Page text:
The French Indo-­Pacific strategy also encouraged the idea of a collective European Union strategy for Indo-­Pacific. This French push for an EU strategy for the Indo-­Pacific prompted Germany and the Netherlands to announce their own separate Indo-­Pacific policy guidelines in 2019. The German policy guidelines identified maintaining peace and security, diversifying and deepening relations, promoting a multipolar world, ensuring open shipping routes, promoting open markets and free trade, fostering digital transformation and connectivity, protecting plant and countering disinformation as eight interests in the Indo-­Pacific.24 It further asserted that German involvement in the Indo-­Pacific will be guided by eight principles including collective European action, multilateralism, rules-­based order, United Nations’ development goals, human rights, inclusivity, and partnership among equals. The Netherlands’ policy document, titled Indo-­Pacific: Guidelines for Strengthening Dutch and EU Cooperation with Partners in Asia, listed promoting “international legal order, democracy and human rights, sustainable trade, security and stability, safe passage and maritime security, climate change, global healthcare and poverty reduction” as focus areas for partnership with Indo-­Pacific countries.25 Notably, the French Indo-­Pacific strategy and German and Dutch policy guidelines on Indo-­Pacific converge not only in terms of assessment of the Indo-­Pacific but also in terms of their core objectives. These three countries also shared the vision of developing an EU strategy for the Indo-­Pacific.

Building on the member countries’ strategies/policy guidelines, the European parliament announced a comprehensive strategy for cooperation in the Indo-­Pacific in late 2021. This EU strategy underlines that “EU intends to increase its engagement with the region to build partnerships that reinforce the rules-­based international order, address global challenges, and lay the foundation for rapid, just and sustainable economic recovery that creates long-­term prosperity.”26 The document emphasizes that EU engagement with the Indo-­Pacific will be guided by the principles of inclusive multilateral cooperation, respect of democracy, human rights, and rule of law. Aligning with the sentiments proposed by the German and Dutch policy guidelines, the EU strategy adopted a middle path to avoid being trapped in ongoing US-­China strategic competition. The document voices European concerns regarding freedom of navigation, human-­rights violations, unfair trade practices, and economic coercion—for which China has been repeatedly blamed. However, in a balancing act, it also clearly underlines the EU’s willingness to work with Beijing to promote solutions to the challenges facing the Indo-­Pacific region.

The EU strategy has identified seven areas for cooperation that fairly covers everything under the sun. However, a careful reading of the document suggests that EU interests in Indo-­Pacific actually revolve round securing SLOCs, promoting/establishing global governance, and mitigating the global challenges posed by climate change and the COVID pandemic. Since 40 percent of EU trade passes through the South China Sea, it is unsurprising that maritime security and ocean governance figure prominently in the EU strategy. It reiterates EU commitment for strengthening ocean governance in compliance with international laws, especially the UNCLOS. The strategy calls for developing partnerships and strengthening synergies with like-­minded partners and relevant organizations in the Indo-­Pacific to counter threats like terrorism, violent extremism, illicit trafficking, unreported and unregulated fishing, and so forth in full compliance with international law to ensure maritime security and sustainability. For maritime security, the strategy envisions increasing member countries’ naval presence in the Indo-­Pacific.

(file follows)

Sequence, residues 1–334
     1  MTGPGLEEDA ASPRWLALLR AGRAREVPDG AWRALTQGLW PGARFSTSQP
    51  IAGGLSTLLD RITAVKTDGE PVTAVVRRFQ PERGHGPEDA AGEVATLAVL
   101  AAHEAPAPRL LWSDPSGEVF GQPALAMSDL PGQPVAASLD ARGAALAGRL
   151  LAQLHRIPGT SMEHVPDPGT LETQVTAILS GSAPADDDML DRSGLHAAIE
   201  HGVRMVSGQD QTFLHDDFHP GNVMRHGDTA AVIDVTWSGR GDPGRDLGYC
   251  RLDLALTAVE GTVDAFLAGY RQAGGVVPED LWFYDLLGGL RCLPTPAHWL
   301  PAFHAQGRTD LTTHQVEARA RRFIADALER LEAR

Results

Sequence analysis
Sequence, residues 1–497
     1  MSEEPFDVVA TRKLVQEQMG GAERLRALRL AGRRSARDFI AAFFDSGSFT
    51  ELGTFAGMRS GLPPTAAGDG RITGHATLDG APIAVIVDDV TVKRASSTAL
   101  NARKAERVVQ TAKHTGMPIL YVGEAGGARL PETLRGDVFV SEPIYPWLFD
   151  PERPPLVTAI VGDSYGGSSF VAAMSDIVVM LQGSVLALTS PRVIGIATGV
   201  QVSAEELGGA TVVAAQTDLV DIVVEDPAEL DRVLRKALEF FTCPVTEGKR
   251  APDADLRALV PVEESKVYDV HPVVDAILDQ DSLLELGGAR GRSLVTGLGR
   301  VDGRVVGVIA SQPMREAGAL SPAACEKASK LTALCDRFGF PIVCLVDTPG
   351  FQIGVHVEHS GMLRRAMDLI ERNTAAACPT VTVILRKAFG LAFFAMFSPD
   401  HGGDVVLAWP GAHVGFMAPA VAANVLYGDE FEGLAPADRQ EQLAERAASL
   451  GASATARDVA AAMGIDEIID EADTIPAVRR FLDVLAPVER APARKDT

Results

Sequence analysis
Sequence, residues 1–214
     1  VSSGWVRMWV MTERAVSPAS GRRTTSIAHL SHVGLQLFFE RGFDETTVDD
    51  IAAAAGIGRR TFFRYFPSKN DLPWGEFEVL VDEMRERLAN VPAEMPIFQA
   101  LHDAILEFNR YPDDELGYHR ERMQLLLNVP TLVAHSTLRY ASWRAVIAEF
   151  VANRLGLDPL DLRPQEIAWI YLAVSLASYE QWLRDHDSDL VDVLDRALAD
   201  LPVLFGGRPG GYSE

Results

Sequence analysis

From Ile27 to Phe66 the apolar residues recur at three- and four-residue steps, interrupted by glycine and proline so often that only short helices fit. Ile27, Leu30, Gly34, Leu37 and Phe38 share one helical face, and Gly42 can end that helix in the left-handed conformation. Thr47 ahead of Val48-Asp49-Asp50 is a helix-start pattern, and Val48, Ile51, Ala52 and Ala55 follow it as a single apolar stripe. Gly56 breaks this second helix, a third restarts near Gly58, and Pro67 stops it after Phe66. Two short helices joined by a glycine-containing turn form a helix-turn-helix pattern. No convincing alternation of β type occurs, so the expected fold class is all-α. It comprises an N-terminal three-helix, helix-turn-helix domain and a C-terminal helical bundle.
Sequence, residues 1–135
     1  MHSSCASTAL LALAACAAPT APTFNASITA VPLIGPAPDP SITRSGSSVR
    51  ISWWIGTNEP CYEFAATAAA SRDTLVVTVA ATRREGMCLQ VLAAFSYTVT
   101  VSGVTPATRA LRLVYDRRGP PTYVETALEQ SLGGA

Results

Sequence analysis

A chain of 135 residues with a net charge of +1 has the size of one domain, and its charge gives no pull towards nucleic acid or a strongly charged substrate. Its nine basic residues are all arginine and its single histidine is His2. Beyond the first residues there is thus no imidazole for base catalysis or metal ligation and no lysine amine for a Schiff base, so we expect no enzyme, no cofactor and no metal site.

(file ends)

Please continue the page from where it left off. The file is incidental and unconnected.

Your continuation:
The EU strategy also highlights connectivity as an important area for cooperation and envisages promoting connectivity with Indo-­Pacific partners in all dimensions.27 However, the document focuses more on digital connectivity. The EU strategy envisions promoting investment in digitization and helping partners in the Indo-­Pacific to foster the regulatory environment required to attract investment. Though the EU strategy avoids using phrases like financial viability, debt trap, and so forth, its emphasis on sustainability and willingness for undertaking joint connectivity projects with Japan, India, Australia, the United States, South Korea, and Canada can be interpreted as the EU’s intention to join the US-­led initiative to provide an alternative to the BRI for Indo-­Pacific countries.

The EU is primarily an economic power with high dependence on trade. It is also deeply integrated with the Indo-­Pacific through global value chains. However, the blocs economic integration with the region is skewed in favor of China. The COVID pandemic exposed the negative side of excess dependence on one source of supply. Consequently, building resilient supply chains through trade diversification has been highlighted as an important flank of the EU Indo-­Pacific strategy. In line with member countries’ approaches, the EU’s strategy favors FTAs with Indo-­Pacific countries, including India, Indonesia, Australia, New Zealand, Malaysia, the Philippines, and Thailand, to diversify trade relations. Apart from FTAs, the EU plans to foster cooperation in strategic sectors with like-­minded countries to reduce strategic dependency in supply chains.

The EU strategy acknowledges climate change as the most significant global challenge that is threatening biodiversity and humanity. It envisages deepening cooperation with Indo-­Pacific countries to protect biodiversity, check plastic and air pollution, and promote clean energy transition. Concluding green alliances,28 mobilizing financial instruments for affordable and sustainable energy, and engaging in joint research-­and-­development projects on clean energy are listed as instruments for deepening the cooperation with Indo-­Pacific counties to promote green transition.